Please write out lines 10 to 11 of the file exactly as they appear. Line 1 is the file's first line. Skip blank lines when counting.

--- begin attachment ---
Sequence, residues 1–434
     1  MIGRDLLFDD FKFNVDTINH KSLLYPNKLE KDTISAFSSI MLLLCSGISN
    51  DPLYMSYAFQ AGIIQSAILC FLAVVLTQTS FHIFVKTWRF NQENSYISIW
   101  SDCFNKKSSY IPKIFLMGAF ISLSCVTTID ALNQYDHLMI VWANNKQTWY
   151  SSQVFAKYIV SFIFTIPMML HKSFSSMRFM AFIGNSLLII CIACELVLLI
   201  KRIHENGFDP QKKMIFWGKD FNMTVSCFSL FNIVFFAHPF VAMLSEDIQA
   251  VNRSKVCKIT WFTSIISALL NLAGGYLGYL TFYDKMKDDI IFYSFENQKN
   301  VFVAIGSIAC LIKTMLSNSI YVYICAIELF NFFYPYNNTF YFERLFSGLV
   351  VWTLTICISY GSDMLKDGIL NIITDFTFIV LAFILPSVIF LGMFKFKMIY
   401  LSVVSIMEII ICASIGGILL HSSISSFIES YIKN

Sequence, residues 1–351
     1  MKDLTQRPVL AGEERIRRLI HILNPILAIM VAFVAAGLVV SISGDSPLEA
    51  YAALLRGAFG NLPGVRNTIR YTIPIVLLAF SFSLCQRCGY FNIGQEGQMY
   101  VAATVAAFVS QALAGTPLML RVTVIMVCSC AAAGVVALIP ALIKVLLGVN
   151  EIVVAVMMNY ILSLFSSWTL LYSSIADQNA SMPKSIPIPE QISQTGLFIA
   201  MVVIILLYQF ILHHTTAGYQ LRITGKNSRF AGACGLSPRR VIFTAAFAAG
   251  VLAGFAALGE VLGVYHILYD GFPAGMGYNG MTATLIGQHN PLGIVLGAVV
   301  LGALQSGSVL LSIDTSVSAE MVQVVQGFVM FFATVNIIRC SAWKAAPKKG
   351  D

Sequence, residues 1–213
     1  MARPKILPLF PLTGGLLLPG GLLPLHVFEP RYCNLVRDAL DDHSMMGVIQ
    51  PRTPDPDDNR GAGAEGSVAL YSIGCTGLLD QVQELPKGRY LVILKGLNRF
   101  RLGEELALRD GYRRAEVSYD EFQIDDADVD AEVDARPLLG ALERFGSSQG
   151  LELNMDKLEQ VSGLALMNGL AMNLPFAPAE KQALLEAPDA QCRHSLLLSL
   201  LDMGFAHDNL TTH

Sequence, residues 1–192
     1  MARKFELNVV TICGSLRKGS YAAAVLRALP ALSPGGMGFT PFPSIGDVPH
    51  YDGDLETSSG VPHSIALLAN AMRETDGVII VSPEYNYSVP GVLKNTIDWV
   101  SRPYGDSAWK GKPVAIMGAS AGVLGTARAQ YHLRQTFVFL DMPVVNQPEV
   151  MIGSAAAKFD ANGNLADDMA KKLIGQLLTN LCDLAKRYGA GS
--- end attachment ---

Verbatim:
   401  LSVVSIMEII ICASIGGILL HSSISSFIES YIKN

Sequence, residues 1–351